You can also use a text file as an alternative to a sound file, which can be reproduced using a text-to-speech engine provided by your operating system or installed separately (for details see the Additional Voice Features - Using a Speech Synthesis Engine (TTS) section of the Help file).

  With your program, is it possible to configure my answering machine so that it has a number of voicemail boxes? How can I do this?

This can be accomplished using remote-control answering machine script, which allows you to control the behavior of the program from another telephone through the use of tone commands.

The theory of script development and language syntax is described in The answering machine remote-control script editor section of the Help file. In addition to this, our program offers a number of ready-to-use examples of remote-control answering machine scripts (files with VFA extensions in the sub-folder \service within the program folder). These files are in the form of text files and contain detailed comments. A scalable example of a script that supports two voicemail boxes is called 2mailbox.vfa. A variation of this, which uses text-to-speech software (TTS) is called tts_2mailbox.vfa.

  Is it possible to listen to answering machine messages remotely using your program? How can I do this?

This can be accomplished using remote-control answering machine script, which allows you to manage the operation of the program from other telephones through the use of tone commands.

The theory of script development and language syntax is described in The answering machine remote-control script editor section of the Help file. In addition to this, our program offers a number of ready-to-use examples of remote-control answering machine scripts (files with VFA extensions in the sub-folder \service within the program folder). These files are in the form of text files and contain detailed comments. An example of a script that lets you listen to answering machine messages from another telephone is called siemens.vfa. A variation of this, which uses text-to-speech software (TTS) is called tts_siemens.vfa. These scripts use a tone command control system similar to that used by Siemens answering machines.

  Can you provide me with the settings of your program that are optimal for my modem? What do the various parameters mean?

Upon program installation and determination of your modem’s properties (see the Getting Started section of our Help file), the program itself selects those settings which it considers best for your particular modem. Do not change these settings without having a clear idea of what they mean and of what consequences such changes might have.

You can read more detailed information on the meaning of various settings in the “what is?” help topics. To open a pop-up window, first click on the question mark button which you will find in the upper right-hand corner of any settings panel. Your cursor will change into a question mark. You can then click on the name of any setting you are interested in to open up an explanatory pop-up window.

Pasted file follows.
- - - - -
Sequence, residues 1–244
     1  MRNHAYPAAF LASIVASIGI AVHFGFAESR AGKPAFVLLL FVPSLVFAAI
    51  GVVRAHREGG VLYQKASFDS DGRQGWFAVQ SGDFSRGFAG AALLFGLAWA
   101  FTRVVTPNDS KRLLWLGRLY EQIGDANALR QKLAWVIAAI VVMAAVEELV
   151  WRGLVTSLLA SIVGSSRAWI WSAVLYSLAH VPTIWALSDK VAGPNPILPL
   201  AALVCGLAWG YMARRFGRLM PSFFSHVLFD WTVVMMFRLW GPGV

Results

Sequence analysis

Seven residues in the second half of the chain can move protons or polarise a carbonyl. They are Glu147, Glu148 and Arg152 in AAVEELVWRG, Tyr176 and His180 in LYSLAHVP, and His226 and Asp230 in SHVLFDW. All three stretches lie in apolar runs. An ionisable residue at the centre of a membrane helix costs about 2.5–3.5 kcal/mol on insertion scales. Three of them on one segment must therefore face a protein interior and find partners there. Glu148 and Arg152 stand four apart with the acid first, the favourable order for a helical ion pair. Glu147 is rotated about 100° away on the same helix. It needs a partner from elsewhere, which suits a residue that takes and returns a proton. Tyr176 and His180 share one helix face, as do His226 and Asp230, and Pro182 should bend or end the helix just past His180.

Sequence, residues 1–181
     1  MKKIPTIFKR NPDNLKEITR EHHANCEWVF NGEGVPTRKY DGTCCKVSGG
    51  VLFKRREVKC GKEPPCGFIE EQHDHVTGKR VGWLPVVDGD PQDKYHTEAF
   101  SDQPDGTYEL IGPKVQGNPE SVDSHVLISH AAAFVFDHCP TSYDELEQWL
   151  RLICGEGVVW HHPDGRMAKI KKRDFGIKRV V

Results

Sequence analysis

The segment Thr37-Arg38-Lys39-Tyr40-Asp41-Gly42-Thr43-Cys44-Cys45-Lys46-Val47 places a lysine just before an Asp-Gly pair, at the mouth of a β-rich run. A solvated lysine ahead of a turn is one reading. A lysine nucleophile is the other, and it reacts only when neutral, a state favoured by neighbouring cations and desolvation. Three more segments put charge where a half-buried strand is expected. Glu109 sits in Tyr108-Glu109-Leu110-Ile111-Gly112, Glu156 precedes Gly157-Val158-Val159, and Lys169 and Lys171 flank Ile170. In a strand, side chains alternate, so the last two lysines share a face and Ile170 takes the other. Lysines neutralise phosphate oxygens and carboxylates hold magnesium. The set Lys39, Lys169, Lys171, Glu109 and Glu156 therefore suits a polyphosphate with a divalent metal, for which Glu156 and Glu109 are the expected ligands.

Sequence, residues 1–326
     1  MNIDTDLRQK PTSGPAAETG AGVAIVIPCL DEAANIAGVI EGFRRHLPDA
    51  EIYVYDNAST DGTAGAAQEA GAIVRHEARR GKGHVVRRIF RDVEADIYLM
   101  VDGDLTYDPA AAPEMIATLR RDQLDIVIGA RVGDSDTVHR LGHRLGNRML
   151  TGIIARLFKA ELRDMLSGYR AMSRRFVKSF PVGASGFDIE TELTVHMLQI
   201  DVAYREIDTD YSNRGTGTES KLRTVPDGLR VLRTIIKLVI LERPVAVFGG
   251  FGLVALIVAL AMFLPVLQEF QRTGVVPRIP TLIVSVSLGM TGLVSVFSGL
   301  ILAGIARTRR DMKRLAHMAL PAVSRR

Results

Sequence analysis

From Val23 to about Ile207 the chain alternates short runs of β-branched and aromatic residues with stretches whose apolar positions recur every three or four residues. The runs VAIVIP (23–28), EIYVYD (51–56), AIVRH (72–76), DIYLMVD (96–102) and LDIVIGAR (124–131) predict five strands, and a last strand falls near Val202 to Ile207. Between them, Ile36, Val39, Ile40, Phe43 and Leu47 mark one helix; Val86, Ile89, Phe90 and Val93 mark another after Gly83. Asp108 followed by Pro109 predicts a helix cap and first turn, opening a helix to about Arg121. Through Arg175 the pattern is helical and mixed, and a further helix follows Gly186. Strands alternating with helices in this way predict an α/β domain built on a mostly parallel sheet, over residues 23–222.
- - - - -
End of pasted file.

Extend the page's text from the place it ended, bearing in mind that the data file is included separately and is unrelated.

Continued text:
How can I find out what an error message means?

The majority of error messages are self-explanatory. A list of errors with their explanations – and, in many cases, with descriptions of the reasons for their occurrence and ways of dealing with them – can be found in the Completion codes section of the Help file.

  How can I uninstall the program?

You can easily uninstall the program without a trace in two ways

1. In Programs and Features (also known as Add or Remove Programs in certain versions of Windows) applet in Windows Control Panel.

2. By clicking Unistall VentaFax icon under Venta/VentaFax entry in Windows Start menu.

Optionally you can uninstall the program itself but leave the program data (configuration files, sent and received faxes, logs etc.) untouched.

  How to choose an Internet telephony service provider for sending faxes using IP telephony? I want it to be cheap and reliable.

First, there is almost always choice between cheap and reliable. Second, the situation changes all the time. Providers come and go, switch to different platforms for new features and apply new settings. Some are cutting costs, some are improving the quality. You can’t keep an eye on all of them, and we don’t want to. Also, connection quality obviously depends on the call destination and the route the signal takes to get there.

Try different providers. If you don’t like one, you can always cancel the service and connect to a different one. Some providers even let you try their services for free by giving you a small credit or specifying free call destinations (for instance, within the telephony area). However, there is no guarantee that you will have access to all of the features (such as the T.38 fax protocol), and routing will be not be organized for low cost instead of high quality. It may also appear that the paid service will be considerably better than the free one.